Freelancing: Putting Yourself In the Way of Good Luck

I’m just going to put this out there at the start, because we’ve all been here: we work, and we work, and we work some more, and it is hard to see someone else enjoy success that we aren’t having. I don’t mean we’re all consumed with jealousy all the time – often, we are genuinely happy for these people – but that there are days, like the ones when the bread was moldy so there was no toast and you still haven’t found another freelancing job for next month and your royalties are down and your tummy doesn’t feel all that great and… And watching someone else have success through the roof is just hard, because you work a lot and why isn’t it you, dammit?

We have all been there. If it isn’t now, it was in the fifth grade when that one kid made the play you worked your ass off to memorize the speech for, or when your younger sibling seemed to just have opportunities fall into their lap after college while you were still working at a job that made you want to gouge your eyes out. It’s human, it happens to all of us.

Today, we’re going to talk about how to let it go…and turn it around.

In a book called The Black Swan, by Nassim Nicholas Taleb, the author describes a “black swan event” as…well, simply an unusual event. For today, we’re going to focus on positive black swan events, like you landing a crazy-cool, very high-paying project (most of us here are freelancers). Now, all things being equal, this event is going to happen one way or another – the client will create the project and look for freelancers who might win the contract. Given that there are several billion people on earth, your starting odds of getting the contract are remarkably slim.

You can totally get way closer with just a little effort, though. Let’s start with a few broad strokes: you can have a presence on freelancing websites and message boards that this person might post the contract on (try googling “find a freelance [your job here]” or “find the best freelance [your job here]” and see where that takes you); you can have a good reputation on that board because you worked like crazy to make previous clients happy; you can scan regularly for new jobs that have been posted; you can have a cover letter detailing your achievements already written and edited so it’s easy to submit applications. Look at that, doing just the things you were pretty much already doing, you’re in the running for this job. Excellent.

“I know that, Moira, I was looking to get ahead today.” Yes, yes, but what about the fact that we’ve now shown that you’ve already put yourself in the way of this black swan event? The odds are tilting ever more in your favor, and you don’t even have to participate in the Hunger Games.


So, now, I’d like you to grab a piece of scrap paper and write down a goal. I’ll go with you, with a goal of mine: write a critically-acclaimed, engaging, best-selling fantasy book. (You know, small stuff like that.)

Now, let’s work backwards. What’s the immediately-preceding thing that needs to happen for you to achieve your goal? In my case, I need a lot of people to buy my book, and I need both the regular readers and the critics who read it to enjoy it. Bestseller = people buying; critically acclaimed and engaging = people enjoying. Draw little arrows from your goal and write down each thing that needs to happen.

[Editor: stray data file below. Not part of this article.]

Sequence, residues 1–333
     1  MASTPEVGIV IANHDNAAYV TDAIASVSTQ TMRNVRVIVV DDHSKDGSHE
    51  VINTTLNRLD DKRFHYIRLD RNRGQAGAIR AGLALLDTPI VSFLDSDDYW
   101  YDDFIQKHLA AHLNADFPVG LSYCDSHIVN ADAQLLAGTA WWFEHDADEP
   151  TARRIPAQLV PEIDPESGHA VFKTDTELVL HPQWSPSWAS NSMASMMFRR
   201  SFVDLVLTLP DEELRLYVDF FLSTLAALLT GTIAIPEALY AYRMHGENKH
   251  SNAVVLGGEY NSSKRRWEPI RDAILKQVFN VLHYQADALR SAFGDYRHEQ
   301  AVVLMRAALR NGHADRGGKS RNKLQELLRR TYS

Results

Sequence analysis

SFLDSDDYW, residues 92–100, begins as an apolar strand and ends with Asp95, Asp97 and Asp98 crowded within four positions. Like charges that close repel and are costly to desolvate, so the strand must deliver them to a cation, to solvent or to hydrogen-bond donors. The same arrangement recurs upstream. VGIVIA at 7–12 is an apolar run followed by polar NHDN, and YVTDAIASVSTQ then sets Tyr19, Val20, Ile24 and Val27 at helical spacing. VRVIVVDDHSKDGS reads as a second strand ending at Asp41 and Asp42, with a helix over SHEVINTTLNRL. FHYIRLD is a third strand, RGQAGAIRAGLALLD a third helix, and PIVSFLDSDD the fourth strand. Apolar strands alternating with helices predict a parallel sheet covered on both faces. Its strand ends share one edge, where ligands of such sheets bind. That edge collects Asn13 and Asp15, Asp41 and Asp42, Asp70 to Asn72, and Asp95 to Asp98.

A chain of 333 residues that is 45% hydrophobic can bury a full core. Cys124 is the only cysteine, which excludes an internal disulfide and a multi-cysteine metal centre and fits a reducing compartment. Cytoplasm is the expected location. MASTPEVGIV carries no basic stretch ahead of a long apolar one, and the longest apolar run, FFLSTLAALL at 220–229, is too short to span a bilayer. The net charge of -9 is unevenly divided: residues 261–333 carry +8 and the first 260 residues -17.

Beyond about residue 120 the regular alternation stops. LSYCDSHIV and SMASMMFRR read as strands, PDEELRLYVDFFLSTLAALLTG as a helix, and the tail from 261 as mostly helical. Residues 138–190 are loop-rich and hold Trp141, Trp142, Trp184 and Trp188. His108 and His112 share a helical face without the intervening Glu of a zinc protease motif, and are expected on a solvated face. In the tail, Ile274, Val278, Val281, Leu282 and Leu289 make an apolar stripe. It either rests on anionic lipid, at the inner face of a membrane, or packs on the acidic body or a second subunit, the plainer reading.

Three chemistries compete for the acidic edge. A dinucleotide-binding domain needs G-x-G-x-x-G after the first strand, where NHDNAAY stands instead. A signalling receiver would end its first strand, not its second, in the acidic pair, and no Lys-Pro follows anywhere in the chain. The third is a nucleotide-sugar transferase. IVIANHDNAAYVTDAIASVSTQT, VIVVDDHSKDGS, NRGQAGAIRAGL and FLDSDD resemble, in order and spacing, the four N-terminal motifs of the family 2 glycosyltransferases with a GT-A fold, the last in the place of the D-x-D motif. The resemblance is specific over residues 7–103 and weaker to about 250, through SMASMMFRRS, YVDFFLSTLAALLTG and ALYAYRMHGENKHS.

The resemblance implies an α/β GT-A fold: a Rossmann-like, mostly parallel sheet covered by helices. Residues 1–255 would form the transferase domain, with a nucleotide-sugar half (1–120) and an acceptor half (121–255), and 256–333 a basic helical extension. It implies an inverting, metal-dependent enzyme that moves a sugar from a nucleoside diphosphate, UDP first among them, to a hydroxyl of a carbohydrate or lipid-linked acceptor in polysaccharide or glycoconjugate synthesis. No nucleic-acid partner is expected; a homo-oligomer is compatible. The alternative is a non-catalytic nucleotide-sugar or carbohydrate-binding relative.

Select one of these, for example, “lots of people need to enjoy my book.” I’m going to have a few arrows going from this one to show the requisite factors: first, a lot of the people who buy the book need to read it, not just keep it on their ereader or bookshelf; second, I should try to get people to buy it who are going to like the types of books I write; third, I should make sure that the book is well-presented in cover, grammar, and formatting so that the experience of reading it does not detract from the reader’s enjoyment; and fourth, I should make sure that I have written the best book I could by creating an engaging story.

Now we’re getting into the tough stuff, with the exception of that third point. You’ll have your own equivalent of that one, and I’m going to tell you right now to take the time and make the effort. Presentation is not meaningless, but instead an important indicator of how you approach the world, and whether or not you respect people’s time. Occasionally, you will be tempted to rush a product to market. Learn from my mistakes in this area, and skip that.

Back to the tough stuff. We could continue, drilling further and further down, and I hope that you will do so with your own goal. The point, however, is this: there is a series of actions you can take, starting today, that will help you put yourself more and more in the way of positive black swan events. There is luck in this world. It would be pointless to pretend otherwise. But, to quote fellow author Boyd Craven, you can get to the point where you’re effectively taking a lightning rod and climbing to the top of a lone tree in the middle of a thunderstorm: you’ve effectively changed “if” to “when.”

And it’s odd – the funniest thing will happen as you do this: your resentment will largely disappear. You’ll look at someone’s success and you’ll feel the genuine happiness of watching a friend succeed, but where there might otherwise be a tangle of shame and jealousy, you will instead have the quiet confidence that you are working hard and smart, and that you are doing the most you can to put yourself in the way of success, too.

Some people say, “make your own luck.” I say, “put yourself in the way of good luck” instead, but the idea is the same, and it (quite literally) pays to remember it. Do the smart things, and let the rest go.


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